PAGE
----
Lliopsoas Syndrome

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The iliopsaos muscles are a part of the set of tissues that form a part of the hip joint known generally as the hip flexor muscles. These muscles are necessary in the forward flexing movement of the hip. The iliopsaos are also crucial to the ongoing stability of the lower lumbar region of the back. Weak or otherwise poorly positioned iliopsaos muscles are frequently cited as a key contributing factor in the weaknesses associated with an inefficient running stride. This muscle is connected to the femur (thigh) by means of the iliopsaos tendon. The hip joint over which the iliopsaos is positioned is defined by the connection made between the femur and the portion of the pelvis known as the acetebulum, which together form the ball and socket joint that is the hip.

The pelvis and the hip joint bear the weight of the entire upper body. These structures must efficiently transfer the load created by the upper body weight, while at the same time absorbing the forces that are transmitted upward through the legs into the hips and pelvis by the force of the feet striking the ground. To assist in the absorption of these forces, the hip joint contains a small gel-filled sac, known as the iliopsaos bursa. Bursa are a common cushioning feature in other human joints; they are prominent in the structure of the spine, shoulder, and elbow.

Iliopsaos syndrome is the name applied to two distinct but related conditions of the hip joint. Hip injuries generally account for as much as 5% of all sports injuries. The first, iliopsaos bursitis, is caused when the bursa becomes either inflamed or irritated; the second, iliopsaos tendonitis, arises when the fibers of the iliopsaos tendon become inflamed. Tendonitis may be an acute, shorter term ailment, or a chronic condition. In either circumstance, the fibers of the tendon have sustained tiny disruptions to the individual structure of each, known as a micro-tear. Tendonitis may also manifest itself as a related condition of its own, peritendonitis, which is an inflammation of the soft tissues that surround the tendon fiber, without damage occurring to the tendon itself. In many cases, the onset of one of these conditions will cause the other. Both aspects of the syndrome produce similar symptoms, including significant pain localized to the hip joint, stiffness of movement in the hip, coupled with a "cracking" or "popping" sound when movement is attempted that involves the joint.

Participation in a number of different sports may create stresses on the iliopsaos bursa. Various gymnastics routines and track sprinting, which requires repeated and explosive movement from the starting block in a crouched position, are prominent examples of potential iliopsaos stress. Rowing is also an activity that burdens the iliopsaos, through the sliding and resistance motions required. Iliopsaos syndrome may also arise from a significant blunt trauma to the muscle structure, such as a hard tackle in football or rugby. A failure to adequately stretch the iliopsaos and the surrounding hip flexor structures is a common underlying factor in assessing the cause of this condition. There are also training regimes that can contribute to iliopsaos syndrome, particularly repeated hill running and forms of resistance training such as leg presses and squats.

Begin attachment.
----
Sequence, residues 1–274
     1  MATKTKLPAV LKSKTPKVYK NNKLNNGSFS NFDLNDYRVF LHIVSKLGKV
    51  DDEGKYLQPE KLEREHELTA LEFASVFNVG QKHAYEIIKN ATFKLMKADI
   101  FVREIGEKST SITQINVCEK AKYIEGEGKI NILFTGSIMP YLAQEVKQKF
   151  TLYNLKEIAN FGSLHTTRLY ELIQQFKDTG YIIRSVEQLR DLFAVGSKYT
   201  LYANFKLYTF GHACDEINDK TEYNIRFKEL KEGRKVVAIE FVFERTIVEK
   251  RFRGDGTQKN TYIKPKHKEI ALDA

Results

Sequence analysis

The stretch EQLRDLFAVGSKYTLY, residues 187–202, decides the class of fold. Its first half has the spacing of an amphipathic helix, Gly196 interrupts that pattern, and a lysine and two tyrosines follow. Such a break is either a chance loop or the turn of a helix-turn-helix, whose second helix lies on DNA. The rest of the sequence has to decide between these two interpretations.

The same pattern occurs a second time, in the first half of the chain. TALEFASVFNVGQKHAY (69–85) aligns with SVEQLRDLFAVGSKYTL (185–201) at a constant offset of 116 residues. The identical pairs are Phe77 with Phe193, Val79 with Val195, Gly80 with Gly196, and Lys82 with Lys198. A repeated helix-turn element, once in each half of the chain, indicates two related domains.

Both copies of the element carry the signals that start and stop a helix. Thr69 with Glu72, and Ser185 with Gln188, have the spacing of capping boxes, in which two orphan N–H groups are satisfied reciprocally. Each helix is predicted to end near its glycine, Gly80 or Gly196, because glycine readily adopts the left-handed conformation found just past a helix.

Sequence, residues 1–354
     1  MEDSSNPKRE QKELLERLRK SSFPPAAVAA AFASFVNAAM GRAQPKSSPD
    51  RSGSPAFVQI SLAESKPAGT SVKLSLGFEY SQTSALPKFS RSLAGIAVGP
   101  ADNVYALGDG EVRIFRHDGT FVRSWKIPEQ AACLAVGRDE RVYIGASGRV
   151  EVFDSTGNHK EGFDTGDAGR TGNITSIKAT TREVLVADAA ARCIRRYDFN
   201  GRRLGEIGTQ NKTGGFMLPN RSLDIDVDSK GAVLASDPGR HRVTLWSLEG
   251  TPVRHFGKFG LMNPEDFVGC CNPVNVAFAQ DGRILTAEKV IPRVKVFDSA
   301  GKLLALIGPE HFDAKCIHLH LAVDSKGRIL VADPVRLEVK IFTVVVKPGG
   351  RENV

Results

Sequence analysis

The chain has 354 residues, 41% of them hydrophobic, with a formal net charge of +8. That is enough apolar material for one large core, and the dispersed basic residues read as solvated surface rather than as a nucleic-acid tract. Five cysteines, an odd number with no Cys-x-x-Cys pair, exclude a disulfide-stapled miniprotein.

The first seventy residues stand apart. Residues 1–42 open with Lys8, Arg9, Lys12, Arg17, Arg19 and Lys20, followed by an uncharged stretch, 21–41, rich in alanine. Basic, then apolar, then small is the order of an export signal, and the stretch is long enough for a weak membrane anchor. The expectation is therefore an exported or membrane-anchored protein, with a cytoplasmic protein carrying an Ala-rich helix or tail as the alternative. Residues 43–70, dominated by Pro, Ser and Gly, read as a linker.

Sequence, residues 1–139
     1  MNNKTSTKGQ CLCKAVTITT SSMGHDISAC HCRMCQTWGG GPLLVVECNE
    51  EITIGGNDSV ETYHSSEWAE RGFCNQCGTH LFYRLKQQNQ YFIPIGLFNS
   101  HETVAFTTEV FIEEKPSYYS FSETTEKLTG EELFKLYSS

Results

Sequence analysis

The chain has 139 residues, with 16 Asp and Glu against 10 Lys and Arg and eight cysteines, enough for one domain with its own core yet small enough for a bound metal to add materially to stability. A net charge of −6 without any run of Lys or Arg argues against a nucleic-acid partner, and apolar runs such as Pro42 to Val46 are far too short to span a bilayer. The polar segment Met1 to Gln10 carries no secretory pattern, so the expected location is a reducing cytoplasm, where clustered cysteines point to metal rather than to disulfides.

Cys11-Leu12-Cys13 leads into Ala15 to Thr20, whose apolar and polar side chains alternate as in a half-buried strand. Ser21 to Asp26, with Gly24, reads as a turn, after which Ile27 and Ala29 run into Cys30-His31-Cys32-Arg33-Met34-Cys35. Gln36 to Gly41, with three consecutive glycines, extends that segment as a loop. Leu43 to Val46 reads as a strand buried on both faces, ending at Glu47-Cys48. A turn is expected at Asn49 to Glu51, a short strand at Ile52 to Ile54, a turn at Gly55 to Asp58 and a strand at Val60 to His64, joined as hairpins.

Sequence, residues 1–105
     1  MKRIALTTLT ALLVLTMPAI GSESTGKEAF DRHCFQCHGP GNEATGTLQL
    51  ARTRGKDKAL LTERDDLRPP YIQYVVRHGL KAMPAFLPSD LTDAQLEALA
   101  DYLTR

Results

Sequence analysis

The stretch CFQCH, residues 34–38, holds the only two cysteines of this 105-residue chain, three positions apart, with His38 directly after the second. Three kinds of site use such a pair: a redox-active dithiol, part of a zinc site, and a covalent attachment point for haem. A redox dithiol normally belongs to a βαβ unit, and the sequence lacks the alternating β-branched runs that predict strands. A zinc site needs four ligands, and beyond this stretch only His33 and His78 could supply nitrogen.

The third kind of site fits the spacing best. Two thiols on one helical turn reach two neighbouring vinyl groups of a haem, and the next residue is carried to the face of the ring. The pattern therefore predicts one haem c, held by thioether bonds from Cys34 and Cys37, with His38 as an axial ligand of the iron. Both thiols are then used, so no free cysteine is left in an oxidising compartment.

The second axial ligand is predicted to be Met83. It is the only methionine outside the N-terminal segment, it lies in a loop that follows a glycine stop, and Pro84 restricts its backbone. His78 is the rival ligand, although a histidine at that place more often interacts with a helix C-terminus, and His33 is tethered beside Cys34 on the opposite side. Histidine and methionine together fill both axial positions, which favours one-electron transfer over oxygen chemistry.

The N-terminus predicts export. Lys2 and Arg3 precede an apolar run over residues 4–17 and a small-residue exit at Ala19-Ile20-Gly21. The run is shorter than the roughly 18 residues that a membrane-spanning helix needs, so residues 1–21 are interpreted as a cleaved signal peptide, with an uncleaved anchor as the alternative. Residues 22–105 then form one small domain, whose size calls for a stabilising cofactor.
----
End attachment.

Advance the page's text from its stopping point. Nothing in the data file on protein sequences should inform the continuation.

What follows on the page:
Young athletes are particularly vulnerable to iliopsaos injury. Different aspects of the musculoskeletal system grow during the growth spurts that occur during adolescence. During these periods of growth, the iliopsaos can become inelastic, relative to its adjacent muscle structures. The tightness of the iliopsaos tendon can create a chain reaction into the gluteal muscles and the low back, resulting in an increased curvature of the lower spine, commonly known as lordosis of the spine. The forces placed upon the spine by lordosis directly stress the vertebrae and lumbar disks, all of which create irregularities in the gait of the athlete. The chain reaction that precipitates irregular gait places its own stresses on the lower limbs and joints, with a prime location of injury the patellar (knee) tendon.

The rehabilitation of an iliopsaos injury will start with a rest from the activity that initially caused the injury. As with virtually all soft tissue injuries, the immediate implementation of RICE (rest/ice/compression/elevation) treatment is an important step. Applications of heat, combined with massage therapy, are often useful in the reduction or minimization of the effects of scar tissue. Stretching exercises that place the hip joint, lower back, abdomen, and upper leg muscles through their ranges of motion are critical to iliopsaos health.

As iliopsaos syndrome is often the result of repetitive practices, it is important for athletes to review their previous approaches to warm-up and cool-down protocols, to ensure that the structure is fully stretched.

SEE ALSO Hip and groin injuries; Sprains and strains; Thigh and upper leg injuries.